Seen it before, liked it, watched it again, still like it: Coach Carter, The Fog of War, Lady in White, Carpool, Mom and Dad Save the World, Without a Trace, The ‘Burbs, Home Alone, Home Alone 2, Freaky Friday

My opinion lowered: Greedy, 50 First Dates, The Wizard

Meh: Popeye, The Day the Earth Stood Still, The Core

Didn’t finish it: Captain Blood, Capricorn One, To Kill a Mockingbird, The Diary of Anne Frank, The Three Musketeers, Notorious, Dragonheart: The New Beginning, Gone in Sixty Seconds, Sliding Doors, Starcrash, How to Make an American Quilt, The Golden Voyage of Sinbad, This Island Earth, 20 Million Miles to Earth, The Notebook

What in the world did I just sit through: Silent Running, Logan’s Run, Popeye, Dreamscape, Starcrash

That last category really takes the cake.  Silent Running was about the weirdest thing I have ever seen.  It’s basically a hippy 70’s sci-fi dream movie …. let’s fly off into space, murder our evil corporate overlords … all to save the trees!  That’s not too far off the mark of what happens.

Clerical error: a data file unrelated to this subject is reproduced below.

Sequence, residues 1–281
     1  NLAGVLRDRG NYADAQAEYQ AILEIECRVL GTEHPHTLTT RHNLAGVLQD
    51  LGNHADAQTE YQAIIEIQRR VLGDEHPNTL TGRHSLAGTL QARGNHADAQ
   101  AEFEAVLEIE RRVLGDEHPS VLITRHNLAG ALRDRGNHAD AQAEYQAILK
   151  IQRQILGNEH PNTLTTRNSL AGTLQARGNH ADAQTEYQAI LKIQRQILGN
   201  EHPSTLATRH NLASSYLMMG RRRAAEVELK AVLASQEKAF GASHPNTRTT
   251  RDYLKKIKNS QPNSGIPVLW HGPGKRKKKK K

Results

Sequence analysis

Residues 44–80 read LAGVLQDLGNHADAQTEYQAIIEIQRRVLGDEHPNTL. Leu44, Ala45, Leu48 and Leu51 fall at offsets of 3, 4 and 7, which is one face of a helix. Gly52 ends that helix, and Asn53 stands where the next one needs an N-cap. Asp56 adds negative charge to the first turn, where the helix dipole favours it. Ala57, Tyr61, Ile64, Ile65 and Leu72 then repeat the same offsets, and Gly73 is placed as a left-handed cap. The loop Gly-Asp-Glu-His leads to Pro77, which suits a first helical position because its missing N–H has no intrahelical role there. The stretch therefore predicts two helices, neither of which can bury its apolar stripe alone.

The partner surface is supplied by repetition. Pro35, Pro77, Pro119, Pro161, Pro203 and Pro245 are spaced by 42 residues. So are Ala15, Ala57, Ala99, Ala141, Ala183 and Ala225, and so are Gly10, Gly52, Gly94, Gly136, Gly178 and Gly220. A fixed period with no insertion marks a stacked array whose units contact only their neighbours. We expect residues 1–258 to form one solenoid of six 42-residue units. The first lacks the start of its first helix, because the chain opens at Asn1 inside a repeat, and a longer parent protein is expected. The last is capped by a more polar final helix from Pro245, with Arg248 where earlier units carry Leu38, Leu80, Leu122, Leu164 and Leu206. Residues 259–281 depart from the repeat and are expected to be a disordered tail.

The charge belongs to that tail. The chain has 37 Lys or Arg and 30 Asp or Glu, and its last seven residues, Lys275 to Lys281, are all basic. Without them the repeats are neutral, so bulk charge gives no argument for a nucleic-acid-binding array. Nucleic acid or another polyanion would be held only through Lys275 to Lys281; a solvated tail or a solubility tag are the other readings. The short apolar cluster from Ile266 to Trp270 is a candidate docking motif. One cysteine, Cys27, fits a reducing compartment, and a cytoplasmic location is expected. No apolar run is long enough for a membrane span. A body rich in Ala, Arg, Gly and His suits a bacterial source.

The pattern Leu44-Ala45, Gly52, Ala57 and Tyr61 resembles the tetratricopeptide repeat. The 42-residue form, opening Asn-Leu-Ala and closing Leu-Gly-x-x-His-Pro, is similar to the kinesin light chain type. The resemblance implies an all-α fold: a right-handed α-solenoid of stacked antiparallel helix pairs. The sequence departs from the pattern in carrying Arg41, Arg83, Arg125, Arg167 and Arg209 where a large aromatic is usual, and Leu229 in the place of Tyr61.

Logan’s Run was just absolutely weird.  I’d heard of the movie ever since I was a kid but had no idea what to expect.  It was mostly interesting until it got to the halfway point where they spend half their time dilly-dallying around outside.  Boring.

Popeye, I already wrote about.  Wasn’t bad … just … another trip.

Nothing can beat out Starcrash for extreme oddity though.  Apparently this movie never had an editor, as you’ll lose count of the inconsistencies and plot holes since there are about a dozen every 5 minutes.  I’m not exaggerating, either.  Star Wars rip-off is the simplest way of describing this movie …. I wouldn’t miss it, if only for the experience, and the fact that you’ll never be able to forget.

Two other movies that I think need honorable mention … The Ice Pirates.  I remember watching the TV spot for this movie a LONG time ago when I was a kid, and I always thought I would have loved that movie.  Watching it now, all I could think to myself was, if I had seen this as a twelve year old, I would have loved it.  Unfortunately, it just bothered me a bit now, so I couldn’t sit through the whole thing.